“There came a wind like a bugle;
It quivered through the grass,
And a green chill upon the heat
So ominous did pass
We barred the windows and the doors
As from an emerald ghost;
The doom’s electric moccasin
That very instant passed.
On a strange mob of panting trees,
And fences fled away,
And rivers where the houses ran
The living looked that day.
The bell within the steeple wild
The flying tidings whirled.
How much can come
And much can go,
And yet abide the world!”
so rarely do we as humans have the opportunity to prepare for life’s battles, be it physical, emotional, or spiritual. wouldn’t it be nice to have some sort of alarm system that, when something unfortunate was raging our way, a little red blinky light would go off in our house? or we’d have a emergency telephone call on the emergency-only red phone line just like batman? or a little, polite jimmeny cricket living ontop of our shoulder to warn us of future dangers? i think that would be nice. but only if i got a batmobile along with the red phone deal.
regardless, i’ve been noticing these supposedly nonexistant warning signs more and more lately. life is truly all about perspective, and it’s a little sad to think that a bugle could sound off right in some jaded new yorker’s face and they still wouldn’t get the hint. a bugle was an instrument used at war as a warning signal to tell the army of soldiers that the enemy is attacking. Was I really stupid enough to think that God wouldn’t have his very own 24 carat gold bugle (with perfect pitch, i’m guessing) that sounds off when His children are about to be attacked? And if so, why couldn’t I hear it sound? Why do so many of us miss the daily cues and bypass God’s warning labels?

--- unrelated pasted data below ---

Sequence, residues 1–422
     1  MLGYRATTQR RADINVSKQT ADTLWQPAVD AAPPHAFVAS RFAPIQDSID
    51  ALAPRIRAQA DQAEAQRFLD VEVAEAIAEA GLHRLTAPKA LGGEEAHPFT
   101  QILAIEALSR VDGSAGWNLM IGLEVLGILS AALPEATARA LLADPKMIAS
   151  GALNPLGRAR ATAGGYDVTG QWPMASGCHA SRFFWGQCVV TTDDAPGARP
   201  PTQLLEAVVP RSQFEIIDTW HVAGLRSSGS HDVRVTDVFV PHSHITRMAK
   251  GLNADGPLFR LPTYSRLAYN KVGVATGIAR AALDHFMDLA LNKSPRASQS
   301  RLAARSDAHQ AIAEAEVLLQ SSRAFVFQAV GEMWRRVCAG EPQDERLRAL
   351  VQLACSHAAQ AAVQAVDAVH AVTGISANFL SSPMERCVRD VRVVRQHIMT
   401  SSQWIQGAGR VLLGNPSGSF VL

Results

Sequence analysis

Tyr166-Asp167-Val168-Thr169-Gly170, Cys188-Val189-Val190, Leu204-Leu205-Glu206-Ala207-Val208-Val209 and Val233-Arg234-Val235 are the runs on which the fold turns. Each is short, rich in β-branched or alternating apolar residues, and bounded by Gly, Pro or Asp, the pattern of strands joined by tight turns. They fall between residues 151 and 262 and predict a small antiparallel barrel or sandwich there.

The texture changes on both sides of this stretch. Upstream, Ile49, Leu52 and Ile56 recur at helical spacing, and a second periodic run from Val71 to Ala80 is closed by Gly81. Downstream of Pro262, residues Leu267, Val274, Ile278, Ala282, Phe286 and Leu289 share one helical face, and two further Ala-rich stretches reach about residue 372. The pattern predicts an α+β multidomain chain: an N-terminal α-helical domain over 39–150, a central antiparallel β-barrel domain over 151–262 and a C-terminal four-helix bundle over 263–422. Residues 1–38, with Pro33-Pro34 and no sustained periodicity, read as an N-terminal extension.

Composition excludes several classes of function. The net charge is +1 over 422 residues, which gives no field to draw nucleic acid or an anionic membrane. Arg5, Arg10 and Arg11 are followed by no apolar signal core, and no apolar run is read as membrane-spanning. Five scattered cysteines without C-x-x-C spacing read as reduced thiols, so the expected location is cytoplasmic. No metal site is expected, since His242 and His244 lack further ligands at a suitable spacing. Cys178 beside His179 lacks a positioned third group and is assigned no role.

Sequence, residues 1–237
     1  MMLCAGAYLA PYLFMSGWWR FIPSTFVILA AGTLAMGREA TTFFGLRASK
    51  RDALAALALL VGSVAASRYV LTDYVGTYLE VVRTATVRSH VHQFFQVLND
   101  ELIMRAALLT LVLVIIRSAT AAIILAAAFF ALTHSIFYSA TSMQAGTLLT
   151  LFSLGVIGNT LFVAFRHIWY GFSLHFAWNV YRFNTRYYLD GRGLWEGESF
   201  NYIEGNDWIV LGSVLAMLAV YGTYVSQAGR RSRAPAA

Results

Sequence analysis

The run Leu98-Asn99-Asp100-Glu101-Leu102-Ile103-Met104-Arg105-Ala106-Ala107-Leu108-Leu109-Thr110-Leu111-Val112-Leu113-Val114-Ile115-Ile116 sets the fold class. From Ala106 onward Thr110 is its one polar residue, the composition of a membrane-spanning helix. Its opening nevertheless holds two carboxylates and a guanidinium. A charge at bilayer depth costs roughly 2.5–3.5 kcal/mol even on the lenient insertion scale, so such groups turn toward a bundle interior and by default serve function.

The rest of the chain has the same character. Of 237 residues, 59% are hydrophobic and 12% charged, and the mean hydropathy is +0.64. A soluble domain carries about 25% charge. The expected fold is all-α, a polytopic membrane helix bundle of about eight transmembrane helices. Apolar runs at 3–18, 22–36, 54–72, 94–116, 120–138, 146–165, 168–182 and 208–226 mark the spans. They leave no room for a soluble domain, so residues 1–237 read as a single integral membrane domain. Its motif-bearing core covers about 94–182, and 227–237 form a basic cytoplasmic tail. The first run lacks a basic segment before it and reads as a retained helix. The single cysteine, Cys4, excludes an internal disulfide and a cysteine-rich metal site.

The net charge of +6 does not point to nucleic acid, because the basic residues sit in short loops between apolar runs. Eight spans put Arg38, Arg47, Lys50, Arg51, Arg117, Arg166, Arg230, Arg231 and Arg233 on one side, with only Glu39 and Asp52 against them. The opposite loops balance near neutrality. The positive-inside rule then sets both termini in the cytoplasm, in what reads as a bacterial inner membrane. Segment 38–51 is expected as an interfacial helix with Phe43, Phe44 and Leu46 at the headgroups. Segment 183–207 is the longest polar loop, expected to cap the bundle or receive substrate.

Let’s say, like in the poem, there is a fiercely wild storm that’s hurtling towards this area. The Channel 12 weatherman is the first to realize this future torrent is rapidly approaching. He frantically dials a number on his cell, and suddenly your little red batman emergency-only phone begins to ring. This warning creates a looming feeling of approaching disaster; and brings a sense of unease, right from the very first sound of the ring … correct? okay. so.
the menacing approach and intensity of a storm. something is coming to get us, and our first instinct is terror.
… why? a storm, for example in the dickinson poem above, is an intriguing aspect of nature. terrifying yes, but why do we see the terror first and not the equally amazing sense of wonder of such a force? no matter what nature throws at us, the world has still endured. i mean, i’ve still got ground to walk on and a sea to swim in and a sky to gaze at. so despite the catastrophic possibilites, as humans we resort to terror first, instead of awe. (this is because of fear… see my previous blog lol.)
how much can come and much can go, and yet abide the world! … dickinson saw the wonder. her perspective was different than the usual. is this the definition of art? … hmm. food for thought.
but in conclusion, with all the carnage and destruction the weather may bring, the world still revolves. our time to end as a human race has not come, yet why do choose to let it occupy our thoughts and invade our hearts so often? daily, even. perhaps stressing more the wonder of the world – this world that god created and intended for us to live in wonder – rather than the horror. fear is not from the lord. but the message of calamity and enduring most definitely is, and i wish that was something that we all could remember a little more often.